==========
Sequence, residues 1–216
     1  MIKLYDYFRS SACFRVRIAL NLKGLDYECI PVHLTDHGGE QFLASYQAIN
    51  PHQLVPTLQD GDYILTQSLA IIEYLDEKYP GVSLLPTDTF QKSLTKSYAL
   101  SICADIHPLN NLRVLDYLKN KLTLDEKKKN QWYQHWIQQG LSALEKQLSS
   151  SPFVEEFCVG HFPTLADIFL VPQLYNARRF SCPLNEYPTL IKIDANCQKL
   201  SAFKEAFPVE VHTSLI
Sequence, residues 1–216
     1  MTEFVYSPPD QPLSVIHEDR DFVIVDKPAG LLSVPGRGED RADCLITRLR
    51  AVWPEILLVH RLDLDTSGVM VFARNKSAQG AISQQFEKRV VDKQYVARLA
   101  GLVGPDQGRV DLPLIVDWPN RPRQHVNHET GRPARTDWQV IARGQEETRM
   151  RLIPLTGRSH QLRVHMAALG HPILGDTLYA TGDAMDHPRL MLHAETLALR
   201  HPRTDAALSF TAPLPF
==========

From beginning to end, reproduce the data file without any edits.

Sequence, residues 1–216
     1  MIKLYDYFRS SACFRVRIAL NLKGLDYECI PVHLTDHGGE QFLASYQAIN
    51  PHQLVPTLQD GDYILTQSLA IIEYLDEKYP GVSLLPTDTF QKSLTKSYAL
   101  SICADIHPLN NLRVLDYLKN KLTLDEKKKN QWYQHWIQQG LSALEKQLSS
   151  SPFVEEFCVG HFPTLADIFL VPQLYNARRF SCPLNEYPTL IKIDANCQKL
   201  SAFKEAFPVE VHTSLI
Sequence, residues 1–216
     1  MTEFVYSPPD QPLSVIHEDR DFVIVDKPAG LLSVPGRGED RADCLITRLR
    51  AVWPEILLVH RLDLDTSGVM VFARNKSAQG AISQQFEKRV VDKQYVARLA
   101  GLVGPDQGRV DLPLIVDWPN RPRQHVNHET GRPARTDWQV IARGQEETRM
   151  RLIPLTGRSH QLRVHMAALG HPILGDTLYA TGDAMDHPRL MLHAETLALR
   201  HPRTDAALSF TAPLPF